In total, we amassed twelve hits.  Double digits.  Five members of our lineup had multi-hit games; Salty, Drew, and Papi each went two for four while Gonzalez went two for five and Pedroia, the man of the hour, went three for five.  We left six on base and went six for ten with runners in scoring position, which means that we put runners in scoring position and then brought them home.  The best part? We scored nine runs.  Nine to their six.  That’s what it feels like to have the offense back the pitcher.  That’s what it feels like to score a sufficient amount of runs in order to deal with it if the pitcher has an off day.  Cue “Dirty Water.” Ladies and gentlemen, we are now one and six!

This was our hundredth home opener, and we have now won seven straight.  With the frustrating exception of Lackey, we were absolutely brilliant in every way.  The hitters were hitting.  The fielders were fielding.  (With the second frustrating exception being Crawford, who at one point looked just sad when he couldn’t have been in a worse position to play a ball off the Monster.  I can understand that; it’s his first season, and he has to get used to it.  It’s not an easy left field to play.  It’s just that historically, even as an opponent on a visiting team, he’s always played the wall well.  I was surprised.) And the relievers were relieving.  Hopefully tomorrow the starter will be starting.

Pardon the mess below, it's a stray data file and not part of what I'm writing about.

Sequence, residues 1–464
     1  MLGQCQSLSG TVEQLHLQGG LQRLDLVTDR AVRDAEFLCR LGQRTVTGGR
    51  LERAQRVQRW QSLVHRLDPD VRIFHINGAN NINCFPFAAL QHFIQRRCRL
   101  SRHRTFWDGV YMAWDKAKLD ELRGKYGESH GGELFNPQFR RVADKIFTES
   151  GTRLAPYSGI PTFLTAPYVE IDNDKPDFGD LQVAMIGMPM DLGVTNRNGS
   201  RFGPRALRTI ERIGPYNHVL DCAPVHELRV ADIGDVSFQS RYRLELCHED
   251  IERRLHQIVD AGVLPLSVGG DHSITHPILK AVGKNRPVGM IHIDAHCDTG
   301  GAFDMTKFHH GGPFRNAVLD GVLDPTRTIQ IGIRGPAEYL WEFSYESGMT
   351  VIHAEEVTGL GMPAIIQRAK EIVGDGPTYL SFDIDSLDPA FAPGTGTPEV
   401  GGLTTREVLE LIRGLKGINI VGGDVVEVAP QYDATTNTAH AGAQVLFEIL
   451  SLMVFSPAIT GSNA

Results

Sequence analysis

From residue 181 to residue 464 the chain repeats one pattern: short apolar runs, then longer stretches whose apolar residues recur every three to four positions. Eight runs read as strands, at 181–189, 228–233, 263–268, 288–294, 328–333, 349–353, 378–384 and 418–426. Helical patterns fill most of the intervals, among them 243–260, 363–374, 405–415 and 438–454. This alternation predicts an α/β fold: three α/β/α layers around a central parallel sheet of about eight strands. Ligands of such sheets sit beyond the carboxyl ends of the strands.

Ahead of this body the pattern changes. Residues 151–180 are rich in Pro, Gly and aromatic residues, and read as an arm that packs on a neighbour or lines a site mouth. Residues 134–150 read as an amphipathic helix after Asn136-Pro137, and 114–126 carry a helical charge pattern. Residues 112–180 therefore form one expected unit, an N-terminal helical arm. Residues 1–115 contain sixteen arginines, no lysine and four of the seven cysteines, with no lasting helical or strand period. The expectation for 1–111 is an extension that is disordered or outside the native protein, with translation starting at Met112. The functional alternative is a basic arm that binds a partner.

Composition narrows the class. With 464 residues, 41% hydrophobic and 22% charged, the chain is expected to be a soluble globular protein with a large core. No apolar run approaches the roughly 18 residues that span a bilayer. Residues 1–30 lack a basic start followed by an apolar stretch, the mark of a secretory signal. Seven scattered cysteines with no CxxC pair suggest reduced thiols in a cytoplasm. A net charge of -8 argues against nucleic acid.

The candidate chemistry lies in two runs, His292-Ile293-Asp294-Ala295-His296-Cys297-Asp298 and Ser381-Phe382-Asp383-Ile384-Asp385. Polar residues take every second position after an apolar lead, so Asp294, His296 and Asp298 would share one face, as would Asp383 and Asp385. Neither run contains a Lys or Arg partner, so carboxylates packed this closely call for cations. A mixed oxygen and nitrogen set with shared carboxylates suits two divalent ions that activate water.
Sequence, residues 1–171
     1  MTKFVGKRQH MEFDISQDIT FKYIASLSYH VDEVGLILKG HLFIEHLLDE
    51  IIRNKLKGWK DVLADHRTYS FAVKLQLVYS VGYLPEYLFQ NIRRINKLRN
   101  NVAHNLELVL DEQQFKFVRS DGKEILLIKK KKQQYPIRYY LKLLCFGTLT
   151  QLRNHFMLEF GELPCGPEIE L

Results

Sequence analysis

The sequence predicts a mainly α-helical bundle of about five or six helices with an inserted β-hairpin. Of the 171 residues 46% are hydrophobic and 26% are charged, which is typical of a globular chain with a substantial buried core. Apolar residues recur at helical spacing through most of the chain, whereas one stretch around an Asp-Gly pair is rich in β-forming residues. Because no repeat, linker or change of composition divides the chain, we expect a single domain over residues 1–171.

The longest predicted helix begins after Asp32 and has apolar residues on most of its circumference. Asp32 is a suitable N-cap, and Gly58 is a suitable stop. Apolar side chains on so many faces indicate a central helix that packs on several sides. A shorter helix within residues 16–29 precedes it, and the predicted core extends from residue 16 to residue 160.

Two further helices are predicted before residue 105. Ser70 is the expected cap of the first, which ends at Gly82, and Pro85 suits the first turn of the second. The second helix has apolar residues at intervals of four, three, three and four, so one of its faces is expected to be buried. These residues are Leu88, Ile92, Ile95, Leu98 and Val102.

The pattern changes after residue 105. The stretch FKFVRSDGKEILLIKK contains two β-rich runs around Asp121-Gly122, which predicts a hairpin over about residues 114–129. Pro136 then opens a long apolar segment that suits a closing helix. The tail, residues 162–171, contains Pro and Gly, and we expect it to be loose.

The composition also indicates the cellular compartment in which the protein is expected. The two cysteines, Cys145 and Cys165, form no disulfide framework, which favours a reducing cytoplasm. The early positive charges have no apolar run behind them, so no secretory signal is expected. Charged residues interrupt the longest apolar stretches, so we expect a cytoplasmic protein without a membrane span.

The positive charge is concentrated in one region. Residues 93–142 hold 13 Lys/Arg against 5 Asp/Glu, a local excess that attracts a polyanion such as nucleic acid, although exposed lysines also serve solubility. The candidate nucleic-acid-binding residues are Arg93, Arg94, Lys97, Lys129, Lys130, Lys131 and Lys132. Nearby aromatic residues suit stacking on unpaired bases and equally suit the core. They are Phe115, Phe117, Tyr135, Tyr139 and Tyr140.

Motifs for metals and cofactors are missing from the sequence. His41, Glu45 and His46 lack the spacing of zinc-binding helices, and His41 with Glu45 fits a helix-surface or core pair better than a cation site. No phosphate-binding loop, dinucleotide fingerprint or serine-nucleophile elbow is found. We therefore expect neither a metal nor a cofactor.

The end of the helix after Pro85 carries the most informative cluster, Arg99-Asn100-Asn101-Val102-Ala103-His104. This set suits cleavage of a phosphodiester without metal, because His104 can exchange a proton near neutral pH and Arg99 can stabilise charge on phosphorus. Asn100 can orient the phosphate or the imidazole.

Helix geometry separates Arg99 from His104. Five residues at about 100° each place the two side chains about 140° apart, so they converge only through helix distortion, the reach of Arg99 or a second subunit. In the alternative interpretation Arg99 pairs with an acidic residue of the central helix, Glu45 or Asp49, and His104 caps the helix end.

Make no mistake, folks: you just witnessed one of the most satisfying wins we’re going to have this year.  I repeat: yesterday was the first day of the rest of our 2011 baseball lives.